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Some basic facts you should know about inflation
NS Sawaikar
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April 15, 2008

Rising inflation is one of the biggest stories of recent weeks and has received a great deal of attention from the media and political parties. At the same time inflation is an economic problem that the average person meets on a daily basis in terms of higher prices particularly of food products.

In this article we will take a look at some of the basics about inflation.

How is inflation measured?

In India there are two broad measures of inflation: the Consumer Price Index (CPI) and the Wholesale Price Index (WPI). Of the two the latter has a higher profile because it is measured more frequently, that is, every week. When you read about inflation rising to 7 per cent in the newspaper it's probably referring to the WPI.

The WPI is based on the wholesale prices of 435 items ranging from agricultural commodities like wheat, rice, groundnuts etc to manufactured products like steel, cement etc. A single index number is calculated based on those prices and the inflation rate is calculated by comparing the most recent index number with that of a year ago.

Why are prices rising?

A number of factors, actually, many of them global in nature but the chief among them is the rise in the price of oil above $100 per barrel. Petroleum is used to make fertilizer and also as fuel in transportation so naturally when oil prices rise it affects food and other prices as well.

Strong growth in big, developing countries like China and India has also contributed to inflation by boosting demand for many commodities like cement and steel. Finally weather-related problems have reduced agricultural output in some countries like Australia further putting an upward pressure on the price of wheat.

What is the government going to do about inflation?

Inflation is a major political concern for the government because of upcoming state elections and a general election soon afterwards. Inflation and rising food prices in particular tend to hurt the masses the most and therefore is a major issue at election time.

The bottom line is that we can expect a range of policy measures to fight inflation.

The government has already taken some quick steps like trying to curb exports in sensitive commodities and reduce the cost of imports. The idea is that exports reduce domestic supply adding to the pressure on prices; therefore the government has already banned the export of cement and non-basmati rice and may ban other commodity exports later.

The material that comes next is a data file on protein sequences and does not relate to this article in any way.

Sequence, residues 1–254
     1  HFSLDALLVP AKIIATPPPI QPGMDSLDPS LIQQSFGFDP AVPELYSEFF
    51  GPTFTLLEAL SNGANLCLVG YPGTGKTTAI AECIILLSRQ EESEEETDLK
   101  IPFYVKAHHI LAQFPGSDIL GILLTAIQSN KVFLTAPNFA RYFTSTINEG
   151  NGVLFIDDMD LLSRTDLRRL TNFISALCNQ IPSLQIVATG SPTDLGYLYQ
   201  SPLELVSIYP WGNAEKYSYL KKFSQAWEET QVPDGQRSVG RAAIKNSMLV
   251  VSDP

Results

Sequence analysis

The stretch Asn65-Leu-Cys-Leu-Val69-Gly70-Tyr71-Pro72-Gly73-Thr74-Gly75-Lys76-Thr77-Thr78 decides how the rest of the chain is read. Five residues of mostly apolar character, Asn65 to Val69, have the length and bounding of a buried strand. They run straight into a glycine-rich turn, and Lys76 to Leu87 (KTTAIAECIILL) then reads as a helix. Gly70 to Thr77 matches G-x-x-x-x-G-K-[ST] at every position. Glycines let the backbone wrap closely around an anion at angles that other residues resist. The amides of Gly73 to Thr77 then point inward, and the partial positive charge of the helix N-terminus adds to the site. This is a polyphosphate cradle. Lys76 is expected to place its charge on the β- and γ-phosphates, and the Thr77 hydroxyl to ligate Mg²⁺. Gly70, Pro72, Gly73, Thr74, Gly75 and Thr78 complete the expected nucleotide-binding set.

Similarly cheaper imports help keep prices low and the government has reduced import duties on edible oils as well.

Further action may be taken by the RBI: for example raising interest rates which will reduce liquidity � money floating in the system -- and the total demand in the economy which will reduce the pressure on prices.

Another option is to allow the exchange rate to appreciate (let rupee rise in value against the US dollar). If the rupee rises in value, imports will become less expensive which will help moderate inflation further.

Adjusting for inflation

It's important to learn how to adjust for inflation when evaluating the rate of return on an investment.

For example suppose you put your money in a one year fixed deposit which pays a return of 8 per cent. If inflation is around 7 per cent for the year, your inflation-adjusted return is just 1 per cent (8 - 7). Similarly if your salary rises by 5 per cent and inflation is 7 per cent your inflation-adjusted salary has actually fallen by 2 per cent (5-7).

Inflation and investing

You may have to modify your investment strategy in order to cope with inflation. Generally speaking commodities including gold are considered a good hedge against inflation as also are stocks. Investments that should be avoided are long-term fixed deposits whose inflation-adjusted value may be seriously eroded if inflation remains high.

Is inflation affecting you? How?

Is the recent increase in prices of essential goods of daily use affecting you? By how much have your monthly budgets increased compared to what you spent last March-April?

Have you stopped/reduced the number of social outings in a month with your friends/family/spouse/partner because it costs you more now?

How are you investing to maximise your returns in the times of high inflation?

Share your views/experiences with us. Write to us at -- be sure to include your name, photograph, age, profession and contact details. Interesting responses will be published right here on

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